The dining area is crisp and clean. Every fork, every dark blue napkin, every spoon, every glass, every butter knife and plate in its proper place. Salad fork for a delicious seafood appetizer or a crisp green salad perhaps, entrĂ©e fork for one of Roy’s signature dishes: roasted macadamia nut mahi mahi, a fresh linen napkin atop a uniquely shaped bread dish, and a butter knife for the soft and creamy butter to spread on some warm bread. In front of the place setting sits a beautiful dark blue glass stem ware for the fine wine the sommelier will gladly recommend to accompany your meal and beside that sits a tall glass for a refreshing glass of ice water poured by your server from a large metal pitcher.
Within this vast space adorned with Hawaiian plants, photos, and ambiance, you’ll find a chaotic jungle of metal in the back of the restaurant that is Roy’s kitchen. A territory marked by the executive chef, executive sous chefs, sous chefs, and line cooks, prowling the jungle floor in their white and black chef’s coats and baseball caps marked by a variety of “Roy’s” logos. The terra cotta colored tile floors are covered with heavy duty rubber mats to prevent the staff from slipping if ever the floor were to get wet or greasy. Beyond this seemingly overwhelming mass of silver colored appliances, is a vast kitchen filled with brightly contrasting fruits, vegetables, and fresh combination of surf and turf. From apples to pineapples, to lettuce, to bean sprouts, to skewered scallops, to racks of lamb, to the array of colorful European sauces. The kitchen is where you see the “fusion” in the name Roy’s Hawaiian Fusion Restaurant come into play; Asian flavors and ingredients paired with European sauces.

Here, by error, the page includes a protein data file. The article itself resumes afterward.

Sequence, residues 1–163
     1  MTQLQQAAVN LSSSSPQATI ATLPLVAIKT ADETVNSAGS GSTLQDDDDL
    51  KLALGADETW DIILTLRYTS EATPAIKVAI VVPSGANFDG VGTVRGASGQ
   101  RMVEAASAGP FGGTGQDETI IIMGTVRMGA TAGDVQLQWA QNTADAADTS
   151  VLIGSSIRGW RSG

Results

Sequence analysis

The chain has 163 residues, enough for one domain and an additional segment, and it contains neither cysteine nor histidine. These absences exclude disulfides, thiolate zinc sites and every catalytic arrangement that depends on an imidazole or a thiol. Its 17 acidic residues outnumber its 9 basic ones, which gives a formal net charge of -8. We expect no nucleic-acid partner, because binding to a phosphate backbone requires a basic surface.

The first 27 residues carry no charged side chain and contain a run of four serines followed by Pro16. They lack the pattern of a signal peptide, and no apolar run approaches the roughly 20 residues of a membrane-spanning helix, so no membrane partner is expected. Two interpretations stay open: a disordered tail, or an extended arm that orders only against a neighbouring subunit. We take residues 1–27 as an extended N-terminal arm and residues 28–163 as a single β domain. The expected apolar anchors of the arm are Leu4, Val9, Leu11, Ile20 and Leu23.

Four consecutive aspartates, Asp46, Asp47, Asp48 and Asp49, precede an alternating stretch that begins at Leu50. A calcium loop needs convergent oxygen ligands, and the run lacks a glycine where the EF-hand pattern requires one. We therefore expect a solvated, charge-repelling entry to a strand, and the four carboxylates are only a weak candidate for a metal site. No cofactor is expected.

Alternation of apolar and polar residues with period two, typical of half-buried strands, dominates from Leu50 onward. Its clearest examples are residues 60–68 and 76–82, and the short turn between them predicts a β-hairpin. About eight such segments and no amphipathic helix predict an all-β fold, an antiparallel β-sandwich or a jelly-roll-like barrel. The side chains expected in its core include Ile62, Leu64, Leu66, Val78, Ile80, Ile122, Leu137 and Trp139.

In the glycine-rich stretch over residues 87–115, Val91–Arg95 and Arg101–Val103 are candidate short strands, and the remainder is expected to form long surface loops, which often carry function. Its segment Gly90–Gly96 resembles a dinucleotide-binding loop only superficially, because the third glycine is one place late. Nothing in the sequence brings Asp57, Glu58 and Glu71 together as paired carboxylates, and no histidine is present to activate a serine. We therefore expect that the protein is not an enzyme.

Edgar Agbayani, executive sous chef at Roy’s Newport Beach, wears a black chefs coat with his sleeves rolled up to his elbows, exposing the tattoos on both of his forearms. He also wears a black Roy’s baseball cap with the Roy’s logo embroidered in white in the front center of the cap. The logo resembles a fancy, backwards lower case “y”. Embroidered in lavender thread reads: “Roy’s”, “Edgar Agbayani”, “sous chef”, on the left breast of his coal black coat. This now thirty-two year old accomplished young chef is of Filipino descent. He has a medium complexion, dark brown hair, and dark brown eyes that squint when he smiles.